The Sentinel feat is a basic area control ability. It allows you to make opportunity attacks against Disengaging people, your opportunity attacks stop movement, and you can make an opportunity attack against someone who hits your ally.
Overall, the second benefit is incredible while the other two are fine. The Disengage action is very rarely used by enemies, since they often either like being in melee or have better escape plans. But, when fighting a Rogue or melee enemy that needs to slip away, you’ll be a massive pain to deal with.
That’s because your attacks stop movement, meaning the enemy has to stay in range of you and any melee ally near you. That can put them in a ton of danger! It will also protect any casters behind you.
The final benefit requires you to have a few melee allies. Clerics don’t get too many impactful Reactions, so being able to punch someone in the dome is handy. Remember that you have this, especially if you’re in the frontlines with squishy characters like Rogues or Monks.
Shadow Touched is a toolbox feat. It begins with a +1 to Wisdom, improving your casting by a small amount. Handy, but not the only thing we’re dealing with here!
You learn the Invisibility spell, and can cast it for free once per day. This spell is useful if your party has no other way to get to Invisibility, but otherwise can be a bit too situational. It takes your Concentration, after all! Still, keeping your Rogue invisible for an hour can be something so useful at any level that it’s worth considering no matter what. Just make sure you have someone who can benefit from this, like a Rogue or Paladin.
The 1st-level spell is a bit trickier, since Illusion and Necromancy spells are not as powerful at level 1. Unlike Fey Touched, we have no definite suggestions here. False life can keep people alive, Cause Fear can be an okay annoyance, and Ray of Sickness is always a fine debuff. Nothing terribly impressive here! Invisibility is what you’d be taking this feat for, so try and make sure you really need Invisibility before taking this feat.
Tough is an incredibly simple feat. You get 2 health per level. In theory, this is like a +4 bonus to your Constitution score. Tempest clerics love being on the frontline. They like taking a little bit of damage now and then, since they can reflect damage. However, this feat does nothing to improve your Constitution saving throw. Make sure you just want health before taking this feat. +2 Constitution is less health, but more durability against some kinds of magic.
War Caster has a bunch of different benefits! To begin, advantage on Constitution saves for Concentration is fantastic! Clerics have some of the best Concentration spells in the business, so the ability to roll twice on these will definitely save your bacon.
Being able to perform somatic components while occupied rarely comes up. But, if it does, you’ll have proof that you’re able to cast with a shield and weapon! Great for clerics that aren’t wielding a two-handed weapon… Which is most of them, admittedly.
Finally, you can use magic on opportunity attacks. This is a little bit silly. You can actually punish someone for running away from you by casting Hold Person. Or Banishment. A great way to cheat out spells, especially in combination with Mage Slayer or Sentinel. Overall, a great spell for the Cleric that likes sitting in their enemy’s face and buffing up. Just the job for a Tempest Cleric!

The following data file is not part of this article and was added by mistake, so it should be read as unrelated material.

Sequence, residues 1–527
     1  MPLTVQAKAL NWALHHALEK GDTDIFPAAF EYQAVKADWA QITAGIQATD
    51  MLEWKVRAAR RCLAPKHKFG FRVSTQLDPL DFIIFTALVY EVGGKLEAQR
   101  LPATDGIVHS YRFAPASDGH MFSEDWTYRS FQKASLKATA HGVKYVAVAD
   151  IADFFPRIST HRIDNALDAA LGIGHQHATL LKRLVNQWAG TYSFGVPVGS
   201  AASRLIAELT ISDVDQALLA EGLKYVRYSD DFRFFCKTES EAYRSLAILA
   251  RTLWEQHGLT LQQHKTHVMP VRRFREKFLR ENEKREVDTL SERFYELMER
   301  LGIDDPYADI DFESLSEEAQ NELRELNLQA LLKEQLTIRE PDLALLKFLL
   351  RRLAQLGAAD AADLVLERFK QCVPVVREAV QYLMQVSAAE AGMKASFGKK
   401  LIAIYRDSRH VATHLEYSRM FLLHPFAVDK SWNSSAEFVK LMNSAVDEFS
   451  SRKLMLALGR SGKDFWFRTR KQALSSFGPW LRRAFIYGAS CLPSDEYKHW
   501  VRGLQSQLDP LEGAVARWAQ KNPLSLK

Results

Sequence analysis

Honorable Mention: Elemental Adept
Elemental Adept seems like a great feat for Tempest clerics. Lightning and Thunder is your entire M.O.! But, there’s a minor problem. Elemental Adept only works on spells. And… There are 4 spells that can deal thunder damage for Clerics. There are 2 for lightning. You’d be limiting yourself quite a bit, but Call Lightning and Shatter are both completely acceptable spells. If that’s the focus of your build, then Elemental Adept might be worthwhile.
Multiclassing for Tempest Clerics
Clerics are such a strong class that it’s usually not a great idea to multiclass. If you’re desperate to put synergies together, then we do have a few options for you!
Fighters are great for any character that is looking to bring weapons into a battle. At level 1, you get Second Wind to restore health in a pinch and a Fighting Style to improve your combat prowess. Both of these are surprisingly effective to make you handy with a mace or a sword in hand.
At level 2, you get to take two whole damn turns in a row. So, that’s nice. Action Surge is a ridiculous ability that you can use to destroy your opponent. You can cast Hold Person, use this ability, and then beat the crap out of them. This is absolutely worth losing a few Cleric levels!
This is probably enough, but at level 3, you can take Eldritch Knight to get a caster level back or get Champion to improve your critical hit rate. Or Battle Master to improve your combat utility.
Paladin is very hard to multiclass into, needing 13 Charisma. Because of this, this multiclass requires pretty specific racial stat lineups. If you can invest in that 13 Charisma, the Paladin must get to level 2. Level 1 gives you a few pieces of utility and some healing, which is… nice.
At level 2, though, you can spend spells in order to deal up to 6d8 bonus damage on weapon attacks! You can get this by level 10, which is an absurd hike in damage. Not many classes will be able to keep up with a Smite from a Cleric! You’ll also get spells, letting you keep up with your spellcasting levels. And a Fighting Style, letting you become more durable or more deadly with weaponry. An insane lineup of pure damage, and can be totally worth it… If you can pay that 13 Charisma cost.
The Ranger is a weaker version of the Paladin, but requires no Charisma investment. Ranger requires level 2 investment for spellcasting and their fighting style. Their spells are really, really good for ranged or melee characters alike. They offer a good mix of damage with Hunter’s Mark and utility in spells like Absorb Elements and Ensnaring Strike.